With its undulating glass facade, 252 East 57th Street was among the marquee new developments that promised to reshape Midtown East back when it debuted in late 2014. But after an extended period of sluggish sales – just under half the condominium’s 95 units remain unsold – the developers decided it was time to take drastic measures.
On top of price cuts last year, World Wide Group and Rose Associates are now offering brokers a 4 percent commission, including 1 percent that’s non-refundable and will be paid as soon as a contract is inked.
“We were trying to think outside the box in terms of what would set us apart,” said Stribling’s Pamela D’Arc, who is marketing the condos. “People come down 57th Street and I think they literally go from one end to the other.”
Discounts have been part of the high-end condo market’s story for many months now, but price slashing is not the only way developers are trying to hook buyers. Faced with stiff competition from a heap of new luxury product on the market, developers are paying transfer taxes, offering discounts, dangling gifts cards and other sweeteners in front of brokers and buyers.
It’s all about getting deals done as quickly as possible.
“They don’t want to give off the perception that they’re lowering prices, so they may offer a concession,” said Douglas Elliman’s Vickey Barron. For buildings with unsold inventory, offering incentives can be an easy way to move sales along, she said.
“They’re not wrong for doing it,” Barron added. “You don’t want to be sitting with empty apartments.”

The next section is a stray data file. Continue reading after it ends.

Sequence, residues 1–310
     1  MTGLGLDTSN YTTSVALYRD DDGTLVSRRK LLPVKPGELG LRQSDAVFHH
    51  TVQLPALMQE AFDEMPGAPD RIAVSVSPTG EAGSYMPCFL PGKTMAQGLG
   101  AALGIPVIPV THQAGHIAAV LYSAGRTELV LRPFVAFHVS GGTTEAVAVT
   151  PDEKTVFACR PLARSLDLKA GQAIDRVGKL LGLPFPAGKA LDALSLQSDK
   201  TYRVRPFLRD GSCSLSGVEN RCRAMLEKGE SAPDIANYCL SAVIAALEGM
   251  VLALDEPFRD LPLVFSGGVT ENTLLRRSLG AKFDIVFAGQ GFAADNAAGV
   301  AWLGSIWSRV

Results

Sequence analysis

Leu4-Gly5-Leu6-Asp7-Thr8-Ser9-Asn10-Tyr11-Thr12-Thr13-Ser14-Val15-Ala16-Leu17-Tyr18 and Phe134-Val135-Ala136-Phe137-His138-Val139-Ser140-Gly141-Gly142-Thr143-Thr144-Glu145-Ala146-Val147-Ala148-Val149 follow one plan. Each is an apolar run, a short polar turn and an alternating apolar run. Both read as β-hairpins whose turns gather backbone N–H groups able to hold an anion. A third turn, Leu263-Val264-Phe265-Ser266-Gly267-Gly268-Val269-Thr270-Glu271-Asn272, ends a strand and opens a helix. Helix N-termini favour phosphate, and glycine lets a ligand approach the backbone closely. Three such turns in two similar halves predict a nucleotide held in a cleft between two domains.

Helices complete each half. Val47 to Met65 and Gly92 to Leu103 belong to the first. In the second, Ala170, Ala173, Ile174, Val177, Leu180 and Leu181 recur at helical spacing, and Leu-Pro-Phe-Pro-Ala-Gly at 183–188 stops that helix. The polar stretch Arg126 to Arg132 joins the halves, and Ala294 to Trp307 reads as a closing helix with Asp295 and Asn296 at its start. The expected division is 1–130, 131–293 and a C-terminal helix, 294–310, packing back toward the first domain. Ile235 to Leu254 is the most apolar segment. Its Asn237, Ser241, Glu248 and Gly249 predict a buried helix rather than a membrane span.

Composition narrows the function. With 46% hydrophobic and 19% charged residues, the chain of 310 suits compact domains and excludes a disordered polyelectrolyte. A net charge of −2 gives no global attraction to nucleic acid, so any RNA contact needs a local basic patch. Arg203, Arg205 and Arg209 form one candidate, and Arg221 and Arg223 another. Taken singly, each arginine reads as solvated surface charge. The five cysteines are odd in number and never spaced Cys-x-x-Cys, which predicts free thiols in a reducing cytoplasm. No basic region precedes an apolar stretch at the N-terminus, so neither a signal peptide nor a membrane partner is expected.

Developers whose construction loans are coming due have the most on the line, and are anxious to stave off lenders anxious about getting paid back.
“The pressure on developers is starting,” said one marketing executive. “I’ve been getting calls from banks asking what the larger units will rent for.”
Slow & Soft
It’s taking longer to sell new condos these days as high-priced units planned during 2014 and 2015 flood the market. New development sales dropped 13.2 percent year-over-year to 479 units during the fourth quarter, according to appraisal firm Miller Samuel. Meanwhile, the average number of days on the market jumped 20.7 percent to 181 during that time.
“People come down 57th Street and I think they literally go from one end to the other.”
In recent months, the slowdown has spooked a handful of developers, notably CL Investment, which scrapped its $300 million luxury condo conversion at 287 Park Avenue South this fall. In February, the Chinese investment firm also sold its 32.9 percent stake in Coda, Magnum Real Estate Group’s rental-to-condo conversion at 385 First Avenue.
Kuafu Properties hit pause on its major development at 161 East 60th Street, a $300 million site now controlled by ex-Kuafu principal Denis Shan, while JDS Development Group and Property Markets Group suspended sales at 111 West 57th Street last year. At the time, PMG’s Kevin Maloney preached the value of waiting until the market improved.
In instances where waiting isn’t an option, buyers are calling the shots, he recently observed.
“The next two years will be the year of the deal,” Maloney told Bloomberg this fall. “If you have cash, I can’t imagine there’s not a condo project that’s coming out of the ground where you can’t walk into the sales office and say ‘This is the deal I’m willing to offer.’”
And while the terms of those deals may not be ideal, many developers aren’t in the position to call the shots.